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Getting to 60 in the Senate

Controlling 60 seats is the holy grail in the Senate. It allows the majority party to block filibusters from the minority and truly run the chamber.

The last time a party held 60 or more seats was three decades ago when Democrats had 61 seats in the 95th Congress (1977-1979). But, the combination of a toxic political environment for Republicans and a relatively small number of Democratic vulnerabilities has skilled observers -- including Fix friend and Roll Call columnist Stu Rothenberg -- starting to talk about the possibility of Democrats getting to 60 in the next two or four years.

Let's examine the two scenarios that could propel Democrats from their current 51-seat majority to a filibuster-proof 60.

The One Cycle Scenario

There's no question that at this point in the 2008 cycle all signs point to Democratic gains. The American public long ago soured on both President Bush and the war in Iraq and there is little tangible evidence of a coming wholesale turnaround. Republicans have also been barraged by a series of troubling developments, from the mishandling of veterans care at Walter Reed to the ongoing investigation into the firing of eight U.S. Attorneys. Many Republican strategists thought their party had hit rock bottom on Election Day 2006, but the political reality is that things have gotten measurably worse since then.

The raw numbers also point to a strong Democratic year in 2008. Democrats have just 12 seats to defend as compared to 21 for Republicans -- by far the best ratio of the three Senate classes. (The 2010 class has 17 Democrats and 15 Republicans; the 2012 class has 19 Democrats and 15 Republicans.)

But, it is not just the raw numbers. There are five obvious pickup opportunities for Democrats even at this early stage of the cycle: the open seat in Colorado as well as seats currently held by Republican Sens. Susan Collins (Maine), Norm Coleman (Minn.), Gordon Smith (Ore.), and John Sununu (N.H.).

In Colorado, Republicans haven't yet settled on a candidate and Democrats have made considerable gains at the state and federal level in the past few elections. Collins, Coleman, Smith and Sununu all represent states carried by Sen. John Kerry (D-Mass) in the 2004 presidential race, and, given the tough political environment, may struggle to convince voters to re-elect them.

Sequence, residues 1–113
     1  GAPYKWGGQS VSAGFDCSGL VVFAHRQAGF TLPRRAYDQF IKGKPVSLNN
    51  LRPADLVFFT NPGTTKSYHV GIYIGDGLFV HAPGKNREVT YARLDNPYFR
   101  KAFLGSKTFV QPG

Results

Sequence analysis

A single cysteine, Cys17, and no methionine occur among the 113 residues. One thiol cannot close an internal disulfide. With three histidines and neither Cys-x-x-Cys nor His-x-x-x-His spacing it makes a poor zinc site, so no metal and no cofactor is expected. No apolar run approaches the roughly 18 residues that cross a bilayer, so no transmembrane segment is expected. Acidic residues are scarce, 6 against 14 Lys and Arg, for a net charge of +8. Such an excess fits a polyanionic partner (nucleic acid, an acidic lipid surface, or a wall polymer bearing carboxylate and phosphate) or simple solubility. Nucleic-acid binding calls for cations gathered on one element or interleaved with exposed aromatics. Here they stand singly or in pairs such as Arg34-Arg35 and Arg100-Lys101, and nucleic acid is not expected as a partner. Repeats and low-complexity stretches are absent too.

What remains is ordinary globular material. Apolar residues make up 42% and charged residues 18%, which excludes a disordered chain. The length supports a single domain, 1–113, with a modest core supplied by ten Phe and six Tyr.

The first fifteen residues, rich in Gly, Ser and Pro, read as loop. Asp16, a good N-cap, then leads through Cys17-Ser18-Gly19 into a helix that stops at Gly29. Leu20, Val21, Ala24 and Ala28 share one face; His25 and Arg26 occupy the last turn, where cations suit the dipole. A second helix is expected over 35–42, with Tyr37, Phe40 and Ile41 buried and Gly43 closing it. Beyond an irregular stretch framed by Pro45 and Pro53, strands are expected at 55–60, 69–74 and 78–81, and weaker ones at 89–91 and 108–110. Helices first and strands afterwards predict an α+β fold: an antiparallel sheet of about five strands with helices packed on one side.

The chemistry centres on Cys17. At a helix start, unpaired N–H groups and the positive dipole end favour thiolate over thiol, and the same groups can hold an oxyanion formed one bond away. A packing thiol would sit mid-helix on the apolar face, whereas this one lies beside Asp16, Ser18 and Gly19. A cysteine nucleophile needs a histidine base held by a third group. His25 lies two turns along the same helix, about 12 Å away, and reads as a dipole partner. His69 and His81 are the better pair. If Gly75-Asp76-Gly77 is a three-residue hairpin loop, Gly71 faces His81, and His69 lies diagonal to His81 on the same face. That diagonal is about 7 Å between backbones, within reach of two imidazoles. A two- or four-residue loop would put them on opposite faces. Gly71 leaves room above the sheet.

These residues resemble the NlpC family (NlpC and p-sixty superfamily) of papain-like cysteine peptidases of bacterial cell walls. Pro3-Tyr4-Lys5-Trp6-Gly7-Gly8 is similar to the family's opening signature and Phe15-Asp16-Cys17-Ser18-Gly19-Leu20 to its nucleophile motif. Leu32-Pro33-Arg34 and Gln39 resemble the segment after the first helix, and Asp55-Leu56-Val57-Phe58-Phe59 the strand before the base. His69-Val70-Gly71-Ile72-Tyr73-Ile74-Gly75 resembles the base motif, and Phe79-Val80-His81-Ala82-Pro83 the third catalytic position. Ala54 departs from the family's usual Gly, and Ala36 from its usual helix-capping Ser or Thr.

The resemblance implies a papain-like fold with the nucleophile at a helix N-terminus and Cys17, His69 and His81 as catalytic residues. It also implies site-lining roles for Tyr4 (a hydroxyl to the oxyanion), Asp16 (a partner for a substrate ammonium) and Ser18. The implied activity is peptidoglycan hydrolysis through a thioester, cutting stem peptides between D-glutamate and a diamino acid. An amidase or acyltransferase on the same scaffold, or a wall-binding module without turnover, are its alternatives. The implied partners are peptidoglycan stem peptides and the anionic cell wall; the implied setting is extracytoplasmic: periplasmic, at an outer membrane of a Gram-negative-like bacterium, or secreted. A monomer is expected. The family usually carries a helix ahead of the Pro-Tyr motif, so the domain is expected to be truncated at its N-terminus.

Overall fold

For Democrats to even ponder reaching 60, they need to win all five of these seats. Then, they need a bit of luck.

Right now four Republican Senators up for re-election are regularly mentioned as serious retirement possibilities: Sens. Pete Domenici (N.M.), Thad Cochran (Miss.), Chuck Hagel (Neb.) and John Warner (Va.).

Of the four, New Mexico and Virginia are the most naturally competitive in an open seat scenario. New Mexico is one of the most closely divided states along partisan lines and Virginia has shown an increasing willingness to vote for Democrats. Plus, former Gov. Mark Warner (D-Va.) appears quite interested in running in for an open seat and would start such a race as the frontrunner. The field is less clear in New Mexico, although Rep. Tom Udall (D) might well run.

Mississippi and Nebraska are far less favorable ground for Democrats. But, if the seats came open and Democrats were able to convince former Mississippi Attorney General Mike Moore and Omaha Mayor Mike Fahey to run, then winning both seats becomes a possibility. The good news for Democrats is that both men have expressed interest in a bid if a vacancy occurs.

But even if all four of the aforementioned Republicans retire and Democrats are able to recruit top-tier candidates who win at least three of those seats, that still only gives the party 59 seats heading into 2009.

To get to the magic 60, they really need a break -- a retirement, a super challenger for a GOP held seat, or a George Allen-like collapse that no one sees coming right now. The best possibilities? A retirement by Sen. Jim Inhofe (Okla.) and a candidacy by popular Gov. Brad Henry (D). Or a serious (read: well-financed) challenger emerging against either Sen. Mitch McConnell (R-Ky.) or Elizabeth Dole (R-N.C.).